Last year, we finished our season on a wet day with a heavy defeat by Gloucestershire Gipsies. It wasn’t all bad, our last wicket partnership raised our score from 57-9 to 83 all out with Stuart Batts at number 10 top-scoring on 13 and myself left on 11 not out (just saying). Our total was, however, only half of the Gipsies’ score.
So they were quite confident this year. In fact, I’m not sure I’ve ever played against such a confident cricket team. The weather was good.
In my mind, I was going to win the toss in my last game leading the club against external opposition, our top 7 were going to get 50 each and then we were going to bowl them out for under 83, to avenge last year’s thrashing. Oh yes, and I was going to take 5 wickets, with at least one caught and bowled.
It did not quite work out like that. Gipsies won the toss and batted first. They looked at times as if they would score 300.
Their opener was confident he was not out in the first over when he was Leg Before Wicket to Matt Dipple. The ball kept low. The umpire, Michael Simpson, thought about it before giving his verdict. The batsman seemed to think that because he was batting outside the crease and was on the front foot, he somehow had herd immunity to the virus of being given out. He was also, incidentally but commendably, attempting to play straight to a straight delivery. What he wasn’t doing, however, was hitting the ball, which is the only way to avoid LBW to a delivery which could not possibly have risen above the stumps or missed them on either side.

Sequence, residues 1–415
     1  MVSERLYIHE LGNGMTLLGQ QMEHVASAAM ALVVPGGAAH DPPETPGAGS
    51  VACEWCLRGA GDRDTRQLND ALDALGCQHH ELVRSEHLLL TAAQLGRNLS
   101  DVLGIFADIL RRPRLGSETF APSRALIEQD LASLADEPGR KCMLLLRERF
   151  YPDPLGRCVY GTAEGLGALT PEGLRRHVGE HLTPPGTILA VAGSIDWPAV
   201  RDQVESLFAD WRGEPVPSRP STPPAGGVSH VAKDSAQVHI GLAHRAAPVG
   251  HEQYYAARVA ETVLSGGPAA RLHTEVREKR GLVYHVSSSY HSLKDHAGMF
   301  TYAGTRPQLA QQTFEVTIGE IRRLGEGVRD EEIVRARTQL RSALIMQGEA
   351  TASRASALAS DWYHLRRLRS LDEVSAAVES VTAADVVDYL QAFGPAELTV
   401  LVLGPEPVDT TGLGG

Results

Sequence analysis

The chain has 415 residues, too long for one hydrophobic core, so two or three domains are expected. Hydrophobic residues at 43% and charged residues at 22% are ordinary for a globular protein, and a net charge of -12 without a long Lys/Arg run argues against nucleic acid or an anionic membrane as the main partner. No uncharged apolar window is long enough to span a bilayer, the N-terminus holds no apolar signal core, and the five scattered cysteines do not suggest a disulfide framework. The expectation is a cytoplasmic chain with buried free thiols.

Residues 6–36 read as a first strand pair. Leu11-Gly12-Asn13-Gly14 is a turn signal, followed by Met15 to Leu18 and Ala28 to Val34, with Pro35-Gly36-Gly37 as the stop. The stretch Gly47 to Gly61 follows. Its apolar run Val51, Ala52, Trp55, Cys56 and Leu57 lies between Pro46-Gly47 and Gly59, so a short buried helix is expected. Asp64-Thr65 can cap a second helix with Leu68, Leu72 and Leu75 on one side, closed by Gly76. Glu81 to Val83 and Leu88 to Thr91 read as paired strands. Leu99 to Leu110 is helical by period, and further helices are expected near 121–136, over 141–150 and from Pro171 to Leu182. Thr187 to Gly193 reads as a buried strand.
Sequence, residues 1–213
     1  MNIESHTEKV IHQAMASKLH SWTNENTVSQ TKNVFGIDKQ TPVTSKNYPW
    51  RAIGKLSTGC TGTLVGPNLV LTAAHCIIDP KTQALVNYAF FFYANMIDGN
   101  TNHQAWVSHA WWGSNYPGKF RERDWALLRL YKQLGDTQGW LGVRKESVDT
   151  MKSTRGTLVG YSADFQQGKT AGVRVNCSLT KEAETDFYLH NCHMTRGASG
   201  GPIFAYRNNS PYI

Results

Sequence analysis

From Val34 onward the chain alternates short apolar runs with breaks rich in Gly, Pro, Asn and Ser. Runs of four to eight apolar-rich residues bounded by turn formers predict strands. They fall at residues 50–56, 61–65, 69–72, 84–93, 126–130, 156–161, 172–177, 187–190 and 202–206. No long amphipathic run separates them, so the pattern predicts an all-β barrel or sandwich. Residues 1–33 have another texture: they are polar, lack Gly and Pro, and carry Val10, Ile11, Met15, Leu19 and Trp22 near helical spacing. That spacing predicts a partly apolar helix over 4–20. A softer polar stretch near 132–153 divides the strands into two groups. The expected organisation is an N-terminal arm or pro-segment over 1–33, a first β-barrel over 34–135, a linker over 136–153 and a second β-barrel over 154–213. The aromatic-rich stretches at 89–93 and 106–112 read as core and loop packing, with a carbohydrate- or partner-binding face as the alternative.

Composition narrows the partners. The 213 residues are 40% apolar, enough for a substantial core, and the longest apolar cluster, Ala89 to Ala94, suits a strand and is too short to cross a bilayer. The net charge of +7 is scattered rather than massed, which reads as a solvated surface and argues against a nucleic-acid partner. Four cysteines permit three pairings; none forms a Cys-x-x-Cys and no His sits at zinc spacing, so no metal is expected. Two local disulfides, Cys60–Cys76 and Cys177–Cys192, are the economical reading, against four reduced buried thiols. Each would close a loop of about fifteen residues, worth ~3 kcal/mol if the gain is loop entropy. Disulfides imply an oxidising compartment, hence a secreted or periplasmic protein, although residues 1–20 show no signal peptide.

Gipsies, however, thought that a change of umpire might change their fortunes. At the first sanitiser break, they relieved Mike of his umpiring duties.
By then, Matt Dipple had bowled a similar delivery which had duly clattered the stumps of their number 3. If he had got his pads in the way, it would have been plumb LBW. Gloucestershire Gipsies were not yet in double figures but were two wickets down. Admittedly, their next pair looked quite useful. Their number 3 scored 48 before he was well caught by Squiff Wordsworth at cover point off my bowling. Their number 4 hit several sixes from different bowlers before he was bowled by Tim House for 91. Their number 5 retired hurt, with hamstring trouble. Gipsies’ number 6, who scored 35, and number 7 were each bowled by Rob Barton in the same over of his fine second spell. Our 40 overs were shared by those mentioned above, plus Jack Morris, Tim Riley and Nick Moorman, who each bowled well. Gipsies declared on 226 for 7, still looking and sounding confident. Their opener was still confident at tea-time, and indeed after the match, that he should not have been given out.